Early-morning greyhound racing gets underway but it’s always bet o’clock somewhere
Breakfast time in Kilkenny is prime time in Melbourne, just past midnight in Las Vegas
The first ever early-morning meeting in Irish greyhound racing got underway in Kilkenny on Wednesday. Photograph: Inpho
It’s 9:18 on a Wednesday morning and the hare is running and the traps are up. Of the dozen people in the stand at St James’ Park in Kilkenny, four are journalists, three are from the Irish Greyhound Board and the rest are owners. Just a shade over 30 seconds later, Pops Miracle is first across the line, followed by Rathbawn Paddy and Kits Dilemma. Three dog, two dog, five dog. With that, the first ever early-morning meeting in Irish greyhound racing is underway.
“We wouldn’t be expecting any in from the general public,” says Ger Dollard, chief executive of the IGB. And why would they? People have enough excuses to stay away from race meetings without throwing a battle with school traffic into the mix. But of course, this new venture isn’t aimed at the public. Not the spectating public, at any rate.
“There’s a lad sitting in Australia with a pint in front of him and this is on the telly in the corner,” says bookmaker Aidan Brophy. “That’s who it’s for really.”
Here’s how we got here. Global broadcast company Sports International Services (SIS) bought into Irish greyhound racing in 2016 and has gone about shaking up the way the sport is presented here ever since. SIS provides content to betting shops and TV companies all over the world, feeding a constant need for something to gamble on. It may be 9:18am on the Freshford Road in Kilkenny but it’s always bet o’clock somewhere.
And so for a trial period of the next six months, SIS will bankroll early-morning meetings in Kilkenny and Waterford. From January onwards, the first race will be off at 8:12, even though by law, betting shops can’t open in Ireland before 10am. In the UK, they open at 8.30. Early-worm punters across the Irish Sea will get in for the third race.
But again, even that’s not who this is for. SIS relay the pictures from here to markets all over the betting planet. Breakfast time in Kilkenny is mid-afternoon in Delhi, knocking-off time in Hong Kong, prime time in Melbourne and just past midnight in Las Vegas. And though the punters in those places can’t possibly have the slightest idea that Pops Miracle is, according to the racecard, a “competitive sort who stays the trip strongly”, they will plonk their money down all the same and hope the three dog does the business.
All of which makes the dog track in Kilkenny nothing more than a tiny twinkling pixel in the vast global betting picture this morning. Six races, all sponsored by SIS, with prizemoney for all runners. That last detail is not unimportant, providing as it does an incentive for small trainers and owners in the locality to bring their dogs along for the morning. The entry fee for each race is €10 and the worst you’ll do is double your money, with fourth, fifth and sixth places all paying €20.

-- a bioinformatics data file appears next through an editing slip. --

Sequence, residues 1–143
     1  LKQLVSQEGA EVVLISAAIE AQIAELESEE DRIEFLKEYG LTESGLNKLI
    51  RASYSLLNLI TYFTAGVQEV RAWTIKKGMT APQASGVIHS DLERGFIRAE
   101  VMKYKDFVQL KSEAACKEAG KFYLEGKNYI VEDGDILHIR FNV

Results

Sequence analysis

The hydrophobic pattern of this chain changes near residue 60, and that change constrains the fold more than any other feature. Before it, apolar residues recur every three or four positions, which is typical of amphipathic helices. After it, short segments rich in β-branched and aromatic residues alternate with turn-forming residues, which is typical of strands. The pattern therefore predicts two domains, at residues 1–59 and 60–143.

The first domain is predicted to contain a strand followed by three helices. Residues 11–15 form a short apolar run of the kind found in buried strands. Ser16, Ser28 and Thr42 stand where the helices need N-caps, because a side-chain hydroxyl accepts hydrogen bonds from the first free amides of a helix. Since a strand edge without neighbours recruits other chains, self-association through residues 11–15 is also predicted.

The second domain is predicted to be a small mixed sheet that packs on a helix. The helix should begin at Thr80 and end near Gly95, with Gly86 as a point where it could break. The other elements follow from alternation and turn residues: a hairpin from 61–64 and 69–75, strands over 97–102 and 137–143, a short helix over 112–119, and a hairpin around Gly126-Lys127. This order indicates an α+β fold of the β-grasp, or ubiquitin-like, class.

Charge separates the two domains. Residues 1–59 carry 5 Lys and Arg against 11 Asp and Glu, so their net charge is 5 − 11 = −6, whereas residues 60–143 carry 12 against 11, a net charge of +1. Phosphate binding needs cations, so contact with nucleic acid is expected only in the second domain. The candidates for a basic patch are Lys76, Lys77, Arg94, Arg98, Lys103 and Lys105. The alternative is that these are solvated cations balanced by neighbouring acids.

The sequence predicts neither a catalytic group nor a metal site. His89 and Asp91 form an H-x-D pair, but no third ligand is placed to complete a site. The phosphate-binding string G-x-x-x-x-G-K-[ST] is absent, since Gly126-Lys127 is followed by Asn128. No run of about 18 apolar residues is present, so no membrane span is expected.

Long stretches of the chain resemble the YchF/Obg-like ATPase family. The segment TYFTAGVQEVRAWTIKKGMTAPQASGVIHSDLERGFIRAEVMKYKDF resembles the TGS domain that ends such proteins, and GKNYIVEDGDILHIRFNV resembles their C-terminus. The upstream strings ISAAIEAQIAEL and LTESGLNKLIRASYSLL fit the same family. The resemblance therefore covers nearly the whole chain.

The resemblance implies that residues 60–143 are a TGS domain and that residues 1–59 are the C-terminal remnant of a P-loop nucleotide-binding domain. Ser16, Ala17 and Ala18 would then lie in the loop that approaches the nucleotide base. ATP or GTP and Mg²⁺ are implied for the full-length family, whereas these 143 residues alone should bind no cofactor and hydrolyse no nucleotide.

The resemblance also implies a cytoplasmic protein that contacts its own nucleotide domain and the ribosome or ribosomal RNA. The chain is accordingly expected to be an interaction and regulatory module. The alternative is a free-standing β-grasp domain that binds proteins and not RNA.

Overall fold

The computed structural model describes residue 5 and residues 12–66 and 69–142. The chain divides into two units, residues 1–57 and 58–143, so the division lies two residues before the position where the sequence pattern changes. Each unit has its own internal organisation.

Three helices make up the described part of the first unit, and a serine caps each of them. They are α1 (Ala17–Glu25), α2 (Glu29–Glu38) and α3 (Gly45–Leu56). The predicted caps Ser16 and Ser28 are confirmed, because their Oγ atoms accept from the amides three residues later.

“People aren’t coming dog racing,” says bookie Ted Browne. “For the last year here, Wednesday nights wouldn’t have 40 people paying through the gate. I’d see nights when there’s only 20 people here. There’s no future in that so they have to try something different. They’re trying this now and it means an income for everyone. The track is getting paid and they’re putting in a new stand so it’s helping that.
“For us, it means we’re getting paid as well. By law, they have to have at least three bookmakers here. So they pay us to be here and we divide it between us. There’s five of us here and it’s worth around €120 apiece for the morning. And then whatever small bit we take. So that’s a help too.
“The real important thing is for the small dog owner or trainer. You’re talking about average dogs here - you look at any of the races on the card there and you’d buy all six dogs for less than a grand. But they come here and they’re guaranteed prizemoney even if they come fourth, fifth or sixth. That’s a big help to these lads, it keeps the small lads in the game.”
Apart from the crack-of-dawn start time, none of this is particularly new, be it in greyhound racing or horse racing. Meetings take place every day everywhere purely to shovel ever more coal into the gambling furnace, with the overwhelming imperative the provision of content. Meetings like this exist solely to pack the schedules fed by SIS the world over. Actual boots-on-the-ground punters are more or less an inconvenience.
“I was talking to the manager of one of the racecourses recently,” says Browne, “and he was saying he had only 100 people through the gate at one of the midweek meetings. I said, ‘Christ, that’s terrible.’ And he said, ‘Ah no, sure if there was many more than that I’d have to put on extra staff.’”
As Race Three rolls around, fog has enveloped the track, cutting it off from the two-up-two-down housing estate that overlooks it. A lady wearing an IGB jacket reminds the five bookies that there’s seven minutes to the off of the 9:52 and they hop to their pitches and mark up the odds. By the time the traps go up, they’ve taken the sum total of 10 bets between the five of them.
Meanwhile, out in the world, a babel of smartphones and laptops and betting shop screens chirp away. Sherkin Dancer takes it from Ballygur Mel by half a length, with Gooches Choice back in third.
Or, as they will have announced it in Sydney, one dog, five dog, six dog.